About Suicide Screening, Referral, and Imminent Harm in Washington State, 3 units (325)Page 3 of 11

2. Warning Signs and Risk Factors

The vast majority of people who attempt suicide show some sort of warning sign or risk factor. Knowing and recognizing warning signs and risk factors allows healthcare providers, family, and friends to intervene before suicidal thinking turns into action.

2.1 Overview of Warning Signs

Warning signs are indications of suicidal ideation and behavior that are observed by or reported to another, and indicate risk for suicide within minutes, hours, or days.

In general, suicide warning signs are often accompanied by increased anxiety, agitation, sleeplessness, and mood swings. A previous suicide attempt and a history of substance abuse are red flags for another attempt. Feelings of hopelessness, feeling there is no reason to live, and withdrawing from family and friends are often present. Other general warning signs might include:

  • increasing alcohol or drug abuse
  • expressing feelings of rage, anger, or aggression
  • engaging in risky activities
  • feeling trapped

2.2 Overview of Risk Factors

Risk factors are characteristics, attributes, or exposures within an individual that increase the likelihood of developing a disease or injury. Risk factors can accumulate to increase an individual’s vulnerability to suicidal behavior.

Especially for young people, increased risk has been associated with a family history of suicide, exposure to previous suicidal behavior by others, a history of depression, or mental health problems. Additional risk factors associated with completed suicide include:

  • incarceration
  • easy access to lethal means
  • alcohol and drug use
  • loss of residential mobility

Among these various risk factors, three stand out:

  1. mental illness
  2. substance abuse
  3. medical issues

Individuals at a greater risk for completed suicide have been found to be older men, those with a family history of suicide, and people who have previously attempted suicide. Other risk factors include: 

  • impulsiveness
  • multiple physical ailments
  • psychiatric illness
  • history of violence (Hassamal et al., 2015)

Patients admitted for inpatient treatment in specialized mental health facilities have a 50-to-200 times increased suicide risk compared to the population at large. In psychiatric inpatients, an array of risk factors for suicide has been identified including a family history of suicide, prior suicide attempts, and social or relationship problems. Other risk factors include:

  • deliberate self-harm
  • suicidal ideation
  • depression, hopelessness
  • agitation (Fosse et al., 2017)

2.3 More Information About Suicide Risk Factors

2.3.1 Having Mental Health Issues or a Mental Illness

Suicide is overrepresented in people with mental illness although most people with mental health conditions do not commit suicide. Impulsivity (particularly angry impulsivity) and disinhibition are strongly related to suicidal ideation and behaviors. Impulsivity is associated with bipolar disorder, substance abuse, and certain personality disorders as well as a history of early child abuse.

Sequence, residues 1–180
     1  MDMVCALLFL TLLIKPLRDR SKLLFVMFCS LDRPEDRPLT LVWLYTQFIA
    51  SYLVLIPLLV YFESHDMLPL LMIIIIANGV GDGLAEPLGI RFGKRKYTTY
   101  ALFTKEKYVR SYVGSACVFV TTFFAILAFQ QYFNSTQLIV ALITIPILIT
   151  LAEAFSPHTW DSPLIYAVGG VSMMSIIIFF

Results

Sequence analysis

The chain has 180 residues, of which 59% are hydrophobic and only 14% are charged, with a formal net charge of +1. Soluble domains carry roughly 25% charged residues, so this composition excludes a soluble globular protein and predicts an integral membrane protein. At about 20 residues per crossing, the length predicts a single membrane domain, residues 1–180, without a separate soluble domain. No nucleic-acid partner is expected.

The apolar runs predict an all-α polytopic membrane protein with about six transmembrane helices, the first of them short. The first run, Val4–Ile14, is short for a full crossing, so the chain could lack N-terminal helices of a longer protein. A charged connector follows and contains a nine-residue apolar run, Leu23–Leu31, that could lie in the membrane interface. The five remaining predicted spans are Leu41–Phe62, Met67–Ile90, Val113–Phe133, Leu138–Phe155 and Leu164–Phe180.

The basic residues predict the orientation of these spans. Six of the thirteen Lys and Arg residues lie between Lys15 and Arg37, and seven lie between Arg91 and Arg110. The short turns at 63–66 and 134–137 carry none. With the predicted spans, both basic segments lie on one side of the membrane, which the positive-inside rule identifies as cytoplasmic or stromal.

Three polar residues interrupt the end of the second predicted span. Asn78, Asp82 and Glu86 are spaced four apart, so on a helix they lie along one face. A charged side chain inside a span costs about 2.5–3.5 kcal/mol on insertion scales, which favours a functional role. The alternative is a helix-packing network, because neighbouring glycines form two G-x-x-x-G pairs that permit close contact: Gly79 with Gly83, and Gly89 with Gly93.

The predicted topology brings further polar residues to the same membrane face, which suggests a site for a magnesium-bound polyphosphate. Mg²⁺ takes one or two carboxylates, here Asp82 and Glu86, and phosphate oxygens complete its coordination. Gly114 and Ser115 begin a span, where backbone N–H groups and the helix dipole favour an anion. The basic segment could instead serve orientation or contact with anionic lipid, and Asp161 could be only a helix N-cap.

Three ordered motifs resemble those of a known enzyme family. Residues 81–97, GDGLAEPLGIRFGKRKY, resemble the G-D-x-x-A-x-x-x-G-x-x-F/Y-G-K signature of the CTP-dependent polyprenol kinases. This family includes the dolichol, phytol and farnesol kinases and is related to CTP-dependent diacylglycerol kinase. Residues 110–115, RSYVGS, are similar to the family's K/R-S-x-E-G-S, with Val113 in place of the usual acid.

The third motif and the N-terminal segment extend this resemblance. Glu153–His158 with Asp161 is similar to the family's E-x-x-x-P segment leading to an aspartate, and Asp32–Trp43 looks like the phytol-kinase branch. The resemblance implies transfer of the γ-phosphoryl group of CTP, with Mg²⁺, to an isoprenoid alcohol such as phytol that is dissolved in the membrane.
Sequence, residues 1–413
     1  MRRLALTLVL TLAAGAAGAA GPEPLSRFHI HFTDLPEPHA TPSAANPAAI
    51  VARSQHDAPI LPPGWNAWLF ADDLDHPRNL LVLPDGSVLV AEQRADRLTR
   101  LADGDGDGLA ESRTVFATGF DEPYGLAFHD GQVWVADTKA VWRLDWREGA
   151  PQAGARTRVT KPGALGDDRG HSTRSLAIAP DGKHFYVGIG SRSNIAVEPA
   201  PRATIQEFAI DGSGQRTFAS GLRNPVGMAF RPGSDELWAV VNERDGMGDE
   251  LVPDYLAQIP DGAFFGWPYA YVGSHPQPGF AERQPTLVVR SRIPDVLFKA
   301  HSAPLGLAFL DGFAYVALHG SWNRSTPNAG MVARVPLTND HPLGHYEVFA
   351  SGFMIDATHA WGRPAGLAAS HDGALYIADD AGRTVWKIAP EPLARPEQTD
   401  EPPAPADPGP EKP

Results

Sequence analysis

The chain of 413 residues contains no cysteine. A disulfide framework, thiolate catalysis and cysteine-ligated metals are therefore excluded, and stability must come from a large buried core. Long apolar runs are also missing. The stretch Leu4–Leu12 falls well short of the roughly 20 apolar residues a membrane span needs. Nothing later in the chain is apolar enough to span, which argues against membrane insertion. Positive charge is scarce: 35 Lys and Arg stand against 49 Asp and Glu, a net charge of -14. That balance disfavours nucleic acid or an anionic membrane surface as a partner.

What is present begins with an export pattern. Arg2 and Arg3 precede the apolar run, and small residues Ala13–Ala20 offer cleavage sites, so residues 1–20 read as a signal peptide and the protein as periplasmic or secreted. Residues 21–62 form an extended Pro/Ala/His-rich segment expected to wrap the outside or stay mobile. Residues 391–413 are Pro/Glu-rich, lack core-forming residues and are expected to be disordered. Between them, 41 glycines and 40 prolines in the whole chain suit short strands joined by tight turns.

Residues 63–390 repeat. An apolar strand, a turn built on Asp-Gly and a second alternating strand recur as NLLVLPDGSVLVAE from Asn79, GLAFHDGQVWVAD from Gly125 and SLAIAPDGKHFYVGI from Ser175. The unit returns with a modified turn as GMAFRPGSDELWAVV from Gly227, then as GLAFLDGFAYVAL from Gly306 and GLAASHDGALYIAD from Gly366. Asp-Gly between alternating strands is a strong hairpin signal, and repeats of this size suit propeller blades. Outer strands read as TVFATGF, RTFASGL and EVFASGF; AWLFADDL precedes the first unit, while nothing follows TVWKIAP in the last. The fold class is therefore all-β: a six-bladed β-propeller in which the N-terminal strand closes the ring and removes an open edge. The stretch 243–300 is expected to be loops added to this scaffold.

The odds for suicide in severe depression, schizophrenia, and bipolar disorder are approximately 3–10 times that of the general population, with a higher increased risk in males than females. However, keep in mind that despite these statistics, suicide does not occur in 95% to 97% of people with mental illness (Fosse et al., 2017).

Graphic: Relationship of Mental Health Conditions to Suicide

Source: CDC, 2018, June 7. Public domain.

2.3.2 Being a Survivor of Human Trafficking

Survivors of human trafficking and sexual violence are at increased risk of developing substance use disorders to cope with the traumatic experience and symptoms of post-traumatic stress disorder. For these individuals, treating the substance use disorder without addressing the PTSD is ineffective. PTSD symptoms frequently reappear when people stop using drugs or alcohol, leading to relapse. Survivors of human trafficking are at higher risk of suicidal ideation, suicide attempts, and suicide (Akee et al., 2024).

2.3.3 Having a Substance Abuse Disorder

People with substance use disorders often seek treatment at times when their substance use difficulties are at their peak—a vulnerable period that may be accompanied by suicidal thoughts and behaviors. Screening for suicidal thoughts and behaviors is important during intake and at specific points during the course of treatment. Compared with the general population, people being treated for alcohol use disorder are at about 10 times greater risk for suicide while people who inject drugs are at about 14 times greater risk (CSAT, 2015).

Abstinence should be a primary goal of any patient with a substance use disorder and suicidal thoughts or behaviors. For most patients, abstinence reduces risk, although some individuals remain at risk even after achieving this goal (CSAT, 2015).

Substance Use Disorder (SUD)

The presence of a substance use disorder in the past year is assessed based on criteria specified in the Diagnostic and Statistical Manual of Mental Disorders, 5th edition (DSM-5).